His Levinhurst band releases ‘House by the Sea’
Lol Tolhurst met Robert Smith at the age of 5 on their first day of school. For moody music fans with a penchant for wearing black, the meeting and subsequent friendship had the same impact as that fateful day when John Lennon met Paul McCartney. Tolhurst and Smith would grow up to form The Cure, the British punk band that would become the standard-bearers for goth rock.
Tolhurst played drums and keyboards on the band’s early work, but like many rock partnerships, his and Smith’s friendship was doomed. During the ’80s, he fell victim to drug and alcohol abuse and was ousted from the band.
Today, The Cure still sell out arenas around the world. But Tolhurst — who is now on speaking terms with Smith — has been keeping himself musically busy as well, partnering up with his wife, Cindy Levinson, to form a new musical project, Levinhurst. The duo released their second album, House by the Sea, this year.
“It’s been great to share something extra between us,” Tolhurst says of working with his wife. “Creation is such a positive thing for any relationship. She also understands the reasons for my working methods as she gets to see the results, too. It’s kind of a win-win situation, I feel.”
The two share a dynamic in the recording studio not much different from what Tolhurst shared years ago with Smith. “The key is friendship,” he says. “I feel that when your relationship is at a good honest level ego defenses naturally fall away and wonderful creation can occur. It’s all about the chemistry — to quote Joe Strummer.”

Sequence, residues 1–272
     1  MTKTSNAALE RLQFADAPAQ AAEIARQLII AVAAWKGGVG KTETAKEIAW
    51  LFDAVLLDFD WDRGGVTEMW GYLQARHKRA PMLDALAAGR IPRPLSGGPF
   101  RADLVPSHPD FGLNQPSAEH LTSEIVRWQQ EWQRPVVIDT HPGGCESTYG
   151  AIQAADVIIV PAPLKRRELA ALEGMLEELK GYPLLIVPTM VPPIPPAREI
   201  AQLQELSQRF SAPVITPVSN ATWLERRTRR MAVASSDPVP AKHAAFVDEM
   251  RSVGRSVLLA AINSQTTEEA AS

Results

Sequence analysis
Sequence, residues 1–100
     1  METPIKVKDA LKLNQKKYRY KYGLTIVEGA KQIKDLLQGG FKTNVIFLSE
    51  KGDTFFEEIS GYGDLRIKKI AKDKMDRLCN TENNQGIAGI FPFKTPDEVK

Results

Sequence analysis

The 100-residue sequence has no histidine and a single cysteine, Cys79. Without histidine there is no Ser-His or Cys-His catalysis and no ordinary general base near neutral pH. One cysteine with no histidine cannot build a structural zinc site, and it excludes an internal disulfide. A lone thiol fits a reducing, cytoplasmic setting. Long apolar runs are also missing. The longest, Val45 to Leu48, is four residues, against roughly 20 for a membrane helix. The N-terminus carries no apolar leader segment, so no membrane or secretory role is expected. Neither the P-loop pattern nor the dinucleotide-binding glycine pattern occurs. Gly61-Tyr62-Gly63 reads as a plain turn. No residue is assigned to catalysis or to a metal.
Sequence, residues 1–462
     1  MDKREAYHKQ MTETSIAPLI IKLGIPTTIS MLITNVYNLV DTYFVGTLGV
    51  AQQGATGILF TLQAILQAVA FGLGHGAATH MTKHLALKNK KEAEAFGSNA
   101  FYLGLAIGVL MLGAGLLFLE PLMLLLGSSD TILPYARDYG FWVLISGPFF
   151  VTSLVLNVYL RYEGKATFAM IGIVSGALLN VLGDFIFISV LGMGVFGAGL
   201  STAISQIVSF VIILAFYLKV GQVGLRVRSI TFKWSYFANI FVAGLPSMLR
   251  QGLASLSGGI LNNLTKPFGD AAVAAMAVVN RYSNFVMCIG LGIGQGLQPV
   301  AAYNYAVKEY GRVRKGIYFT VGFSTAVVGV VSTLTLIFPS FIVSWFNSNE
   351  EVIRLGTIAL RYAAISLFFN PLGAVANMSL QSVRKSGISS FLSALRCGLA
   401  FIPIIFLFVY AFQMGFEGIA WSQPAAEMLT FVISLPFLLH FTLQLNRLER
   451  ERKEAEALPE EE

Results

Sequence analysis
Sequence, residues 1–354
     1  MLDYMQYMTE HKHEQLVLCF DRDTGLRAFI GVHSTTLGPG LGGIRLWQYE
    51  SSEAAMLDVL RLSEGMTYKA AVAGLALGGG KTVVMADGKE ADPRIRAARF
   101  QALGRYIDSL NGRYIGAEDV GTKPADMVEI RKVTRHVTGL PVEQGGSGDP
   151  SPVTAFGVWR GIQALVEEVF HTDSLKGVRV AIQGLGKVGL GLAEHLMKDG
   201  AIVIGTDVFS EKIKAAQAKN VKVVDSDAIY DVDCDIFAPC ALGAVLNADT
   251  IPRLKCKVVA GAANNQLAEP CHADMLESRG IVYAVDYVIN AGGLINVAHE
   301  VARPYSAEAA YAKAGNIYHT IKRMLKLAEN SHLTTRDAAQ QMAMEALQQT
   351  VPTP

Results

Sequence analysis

Their relationship led to a rewarding period of artistic give-and-take during work on the new album. “Recording was a wonderful process. It was really only me and Cindy with help from our good friend Eric Bradley on guitars and our engineer, Meghan Gohil,” Tolhurst says. Such a small group working on the album also allowed the couple to craft a collection of songs exactly as they wanted, a stark contrast to his days in The Cure when many bandmates could contribute to a piece of music. “In a situation like The Cure, there was always so much more to consider and so many more opinions to take in. The making of an album could take a very long time.”
There are some lyrical echoes of The Cure throughout House by the Sea. The songs are haunted by loneliness and despair, fear of loss and the fear of opening one’s life up to someone else. Levinson’s voice is smooth and crisp throughout, showing acceptance of each song’s situation, no matter how dire the lyrics. But there is also a confidence present in her vocals. So when she reassures, “I will still be here with you,” during the album’s final track, you must believe her.
Musically, the album could best be compared to the early synth-rock of Nine Inch Nails’ Pretty Hate Machine — think “Sanctified” and “Something I Can Never Have” more so than “Head like a Hole.” The compositions are stark, centered on Tolhurst’s keyboards with guitars occasionally slithering their way through and some light drumming.
“Personally, making House by the Sea was like a beautiful day at the beach,” Tolhurst says of the experience. “I think the end result shows this. Although there is a thematic element in the album that is sad, it sounds more resolved to me in a positive manner overall, which is what I really wanted to convey. It’s the story of my journey so far from darkness to light. I promise the next album will be positively incandescent.”